Monday, September 3, 2012

Favorite Books

Writers love talking about their favorite books.  When I talk to kids, it’s usually the second question they ask me.  (The first one is, How much do you get paid?)

It’s hard for me to answer this question if the asker wants me to name just one book.  Different books mean different things to me, and the longer I live and the more I read, the more answers I have.

Here are some of my favorites, and the reasons why they’re my favorites:

--Harriet the Spy, by Louise Fitzhugh (Harper & Row, 1964).  A little girl wants to be a writer, spies on people, and writes it all down.  I think I was ten the first time I read it.  Reading Harriet the Spy, I was reading about myself.  It was the first time I saw myself in someone else’s words.  I loved that Harriet wanted to be a writer, that she was a writer, and most especially, that she was comfortable in her own writer-ly skin.

--Charlotte’s Web, by E. B. White (Harper & Brothers, 1952).  This book was read to me by my father before I could read to myself.  For the first time, I knew (in the way that children do, which is to say, mysteriously, pre-consciously) that prose could be poetry.  I’ve read it dozens of times.  To this day, I cannot read the last page without crying.

--The Forsyte Saga, A Modern Comedy, and End of the Chapter by John Galsworthy.  Each of these is a trilogy, so nine novels in all, written in the early twentieth century about an extended English family and spanning five decades.  I was a precocious reader and began to read these novels when I was twelve and my family got hooked on the British TV series.  The novels gave birth to my deep love for all things English, as well as to the realization that reading was a way to ogle other people’s dysfunctional families.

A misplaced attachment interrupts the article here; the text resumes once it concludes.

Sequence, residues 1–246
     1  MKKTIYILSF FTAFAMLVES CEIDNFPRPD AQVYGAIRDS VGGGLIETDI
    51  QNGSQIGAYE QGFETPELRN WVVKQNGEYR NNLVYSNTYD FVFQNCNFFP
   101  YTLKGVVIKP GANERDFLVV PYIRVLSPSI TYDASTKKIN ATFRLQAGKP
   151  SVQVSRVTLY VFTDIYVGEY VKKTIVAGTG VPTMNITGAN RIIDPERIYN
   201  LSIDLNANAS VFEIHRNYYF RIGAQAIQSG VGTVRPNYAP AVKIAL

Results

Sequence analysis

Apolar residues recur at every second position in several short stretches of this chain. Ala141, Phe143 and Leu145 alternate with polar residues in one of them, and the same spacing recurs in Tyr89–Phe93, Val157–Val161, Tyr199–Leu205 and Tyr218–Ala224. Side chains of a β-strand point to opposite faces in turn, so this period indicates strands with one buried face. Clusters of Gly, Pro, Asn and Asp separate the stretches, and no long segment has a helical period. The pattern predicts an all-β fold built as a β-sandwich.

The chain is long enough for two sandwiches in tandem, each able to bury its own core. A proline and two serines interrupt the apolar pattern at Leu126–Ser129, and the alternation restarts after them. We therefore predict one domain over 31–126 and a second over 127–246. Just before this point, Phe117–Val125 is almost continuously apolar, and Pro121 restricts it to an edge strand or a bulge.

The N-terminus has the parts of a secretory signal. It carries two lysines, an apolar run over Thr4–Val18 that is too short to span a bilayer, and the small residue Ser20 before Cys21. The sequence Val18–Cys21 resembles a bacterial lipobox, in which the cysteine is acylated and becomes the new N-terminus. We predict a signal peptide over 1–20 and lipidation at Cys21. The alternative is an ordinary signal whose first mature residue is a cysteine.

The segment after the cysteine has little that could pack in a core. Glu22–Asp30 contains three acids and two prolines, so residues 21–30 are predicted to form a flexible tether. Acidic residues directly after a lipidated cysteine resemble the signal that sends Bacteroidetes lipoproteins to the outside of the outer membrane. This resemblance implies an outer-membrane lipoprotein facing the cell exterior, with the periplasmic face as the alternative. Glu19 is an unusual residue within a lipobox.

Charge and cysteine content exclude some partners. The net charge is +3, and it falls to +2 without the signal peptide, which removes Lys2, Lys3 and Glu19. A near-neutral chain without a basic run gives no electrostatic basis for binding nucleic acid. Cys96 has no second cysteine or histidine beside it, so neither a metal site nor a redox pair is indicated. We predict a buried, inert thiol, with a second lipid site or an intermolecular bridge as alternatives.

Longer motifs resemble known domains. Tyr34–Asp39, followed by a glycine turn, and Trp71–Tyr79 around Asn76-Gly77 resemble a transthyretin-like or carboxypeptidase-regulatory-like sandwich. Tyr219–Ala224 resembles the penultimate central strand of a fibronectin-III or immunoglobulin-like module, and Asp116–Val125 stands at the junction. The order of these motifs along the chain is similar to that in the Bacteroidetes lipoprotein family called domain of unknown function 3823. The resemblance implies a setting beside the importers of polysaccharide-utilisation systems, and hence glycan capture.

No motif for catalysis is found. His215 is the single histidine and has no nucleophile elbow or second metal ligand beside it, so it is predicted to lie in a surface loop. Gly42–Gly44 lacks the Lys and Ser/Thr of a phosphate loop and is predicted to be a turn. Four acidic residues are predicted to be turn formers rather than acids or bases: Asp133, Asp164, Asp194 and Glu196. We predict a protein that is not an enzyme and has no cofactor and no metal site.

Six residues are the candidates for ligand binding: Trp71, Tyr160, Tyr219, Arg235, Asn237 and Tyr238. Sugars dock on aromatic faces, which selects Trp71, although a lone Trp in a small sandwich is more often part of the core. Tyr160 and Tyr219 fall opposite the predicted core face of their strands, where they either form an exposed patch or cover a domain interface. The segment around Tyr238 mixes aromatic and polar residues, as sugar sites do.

--Rabbit Is Rich, by John Updike (Knopf, 1981).  John Updike wrote in the most beautiful, meticulously crafted prose imaginable about a car salesman who drank too much, cheated on his wife, and tried to understand his place in the world.  This novel, the third of four in the Rabbit series, made me understand what it is to be a certain kind of American man.  It also made me understand that a well-drawn protagonist does not need to be heroic, or even likable, to be compelling.

--Portnoy’s Complaint, by Philip Roth (Random House, 1969).  The funniest novel I’ve ever read.  More dysfunctional-family drama.  The beauty and rage and pathos of being a Jewish man in America.  Neither Roth nor Updike has many good things to say about women, but boy, can they write.  (Note: This is not a kid's book.  I don't believe in censoring books, but if you're a kid, you ought to clear this with your parents before taking it on.)

--Anywhere But Here, by Mona Simpson (Vintage, 1992).   Dysfunctional Families R Us.  The story of a complex mother-daughter relationship, told from the daughter’s point of view.  Well, of course I’m going to love it.

--Too Much Happiness, short stories by Alice Munro (Knopf, 2009).  Munro is Canadian, widely heralded as the greatest living short-story writer in the English language.  The stories in Too Much Happiness are magnificent, but so are all her stories.  Here’s a wonderful line from “Face”: “In your life there are a few places, or maybe only the one place, where something happened, and then there are all the other places.”   No fancy words, no exploding cars, no pyrotechnics of any kind.  Just words that make you wish you’d written them.  And lots of dysfunctional families.

What are some of your favorite books?  Send me a comment, or tell me on Facebook.  Really, I never get tired of this stuff.

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